As soon as MLB Commissioner Rob Manfred said the Kansas City Royals were on the clock, Bobby Witt Jr.’s phone started to ring.
After saying “Yes, sir” three times and closing with “Thank you,” Witt told his three sisters and his mother the breaking news.
And then he had sit on it, though it was obvious that he would go to the Royals second overall. Being handed a Royals hat kind of gave it away, too.
Witt and the throng at his house could finally celebrate could finally after eight long minutes between the phone call and Manfred’s announcement on MLB Network. Boy, did they celebrate.
“I still feel like I’m still dreaming, but dreams really do come true,” Witt said. “Right when I got that call, my stomach dropped. I never thought I would actually have tears of joy.”
The Colleyville Heritage star shortstop, the Gatorade National Player of the Year, became the highest player selected from Tarrant County since Ben Grieve (Arlington Martin) in 1994.
The Baltimore Orioles used the first overall pick on Oregon State catcher Adley Rutschman, as had long been projected. The Royals were linked to Witt in most mock drafts, saw most of his games this season, and stuck with the potential five-tool player.
The Royals and Texas Rangers share a spring home in Surprise, Ariz., and Witt will likely head there shortly after signing his contract to begin his professional career. An Oklahoma commit, Witt said that he plans to sign with the Royals.
The bonus for the No. 2 overall pick this year is $7,789,900.
“It’s been a joy to scout him,” Royals general manager Dayton Moore said. “It’s been an absolute honor and privilege to follow him and his career. It’s a great celebration in this organization today because we were able to select him. We knew a little over a year ago that this was a player that we were going to target. To see this day come has been very, very special for all of us.”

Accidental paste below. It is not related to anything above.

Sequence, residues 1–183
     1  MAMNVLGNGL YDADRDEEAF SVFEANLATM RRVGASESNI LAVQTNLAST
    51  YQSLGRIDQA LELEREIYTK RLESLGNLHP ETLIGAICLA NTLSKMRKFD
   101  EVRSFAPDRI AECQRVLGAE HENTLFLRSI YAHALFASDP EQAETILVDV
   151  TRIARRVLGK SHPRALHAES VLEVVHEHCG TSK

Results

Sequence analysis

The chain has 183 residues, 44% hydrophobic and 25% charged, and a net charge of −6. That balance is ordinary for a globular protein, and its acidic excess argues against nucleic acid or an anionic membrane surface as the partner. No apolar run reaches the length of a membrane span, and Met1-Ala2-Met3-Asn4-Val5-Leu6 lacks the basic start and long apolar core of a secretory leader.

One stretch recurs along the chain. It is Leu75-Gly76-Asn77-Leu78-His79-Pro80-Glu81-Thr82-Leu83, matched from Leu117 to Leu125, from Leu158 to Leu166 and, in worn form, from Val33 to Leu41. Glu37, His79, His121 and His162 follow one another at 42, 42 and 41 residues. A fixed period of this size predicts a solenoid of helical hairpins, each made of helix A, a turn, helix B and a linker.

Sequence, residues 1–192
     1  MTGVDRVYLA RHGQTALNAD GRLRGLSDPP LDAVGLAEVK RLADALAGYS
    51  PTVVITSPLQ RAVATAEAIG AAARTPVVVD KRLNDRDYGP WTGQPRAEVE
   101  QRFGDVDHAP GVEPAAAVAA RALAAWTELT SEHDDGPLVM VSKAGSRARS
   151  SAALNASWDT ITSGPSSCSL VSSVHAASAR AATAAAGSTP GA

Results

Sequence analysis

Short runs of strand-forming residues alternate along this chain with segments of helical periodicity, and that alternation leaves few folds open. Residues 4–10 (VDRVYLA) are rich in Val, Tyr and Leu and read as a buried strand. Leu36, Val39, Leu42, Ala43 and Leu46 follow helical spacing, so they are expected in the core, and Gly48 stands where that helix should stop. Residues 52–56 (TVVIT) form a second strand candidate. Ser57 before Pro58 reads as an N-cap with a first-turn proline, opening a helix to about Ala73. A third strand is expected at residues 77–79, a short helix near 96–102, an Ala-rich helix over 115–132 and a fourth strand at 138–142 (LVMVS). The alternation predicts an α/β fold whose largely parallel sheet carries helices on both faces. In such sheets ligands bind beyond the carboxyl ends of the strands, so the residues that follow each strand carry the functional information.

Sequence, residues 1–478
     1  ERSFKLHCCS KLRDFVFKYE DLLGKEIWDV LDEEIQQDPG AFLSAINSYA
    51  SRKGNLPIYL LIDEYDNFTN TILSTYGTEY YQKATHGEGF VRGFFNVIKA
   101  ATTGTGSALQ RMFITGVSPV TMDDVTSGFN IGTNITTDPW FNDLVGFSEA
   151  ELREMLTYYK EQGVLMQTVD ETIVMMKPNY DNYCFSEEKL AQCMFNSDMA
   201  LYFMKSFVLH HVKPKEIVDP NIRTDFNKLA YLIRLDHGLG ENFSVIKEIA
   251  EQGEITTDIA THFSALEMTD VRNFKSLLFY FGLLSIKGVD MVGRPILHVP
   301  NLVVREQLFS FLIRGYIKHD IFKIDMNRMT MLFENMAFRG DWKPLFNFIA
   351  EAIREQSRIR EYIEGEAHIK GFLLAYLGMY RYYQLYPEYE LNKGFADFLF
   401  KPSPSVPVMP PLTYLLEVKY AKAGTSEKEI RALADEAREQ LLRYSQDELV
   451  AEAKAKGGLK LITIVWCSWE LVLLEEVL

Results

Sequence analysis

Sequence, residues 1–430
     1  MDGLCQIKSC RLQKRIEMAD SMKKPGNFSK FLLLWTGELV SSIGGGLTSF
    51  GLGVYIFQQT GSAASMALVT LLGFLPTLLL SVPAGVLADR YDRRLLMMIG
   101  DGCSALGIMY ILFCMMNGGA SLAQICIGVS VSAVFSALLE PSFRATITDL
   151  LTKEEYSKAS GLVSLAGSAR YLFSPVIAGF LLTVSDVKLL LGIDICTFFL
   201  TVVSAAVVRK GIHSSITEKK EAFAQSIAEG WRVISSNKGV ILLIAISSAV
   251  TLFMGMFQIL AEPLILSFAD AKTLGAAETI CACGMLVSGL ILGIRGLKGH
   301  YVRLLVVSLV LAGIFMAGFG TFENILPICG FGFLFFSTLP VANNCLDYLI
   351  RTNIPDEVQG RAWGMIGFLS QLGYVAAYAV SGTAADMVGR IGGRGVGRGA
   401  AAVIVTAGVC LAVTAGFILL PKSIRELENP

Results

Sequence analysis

Witt entered last weekend batting .500 with 15 home runs before Colleyville Heritage swept two games from Lubbock Monterey in the Class 5A Region I finals and advanced to the state tournament for the first time in school history.
Witt was on the mound for the final out of each game as the Panthers’ closer. He said that their game Thursday against Corsicana is his top focus, and he can look forward to what the Royals have planned for him next week.
“It setting in right now,” Witt said. “I want to get there first, go out there and do my things, and go out there and help change the organization in any way possible.”
Witt is the son of former MLB pitcher Bobby Witt, who logged 16 seasons after the Rangers selected him third overall in the 1985 draft. The Witts surpassed the Grieves as the highest-drafted father-son duo in draft history.
Tom Grieve, the Rangers Hall of Famer, was selected sixth overall by the Washington Senators in 1966 before the franchise relocated to Arlington in 1972.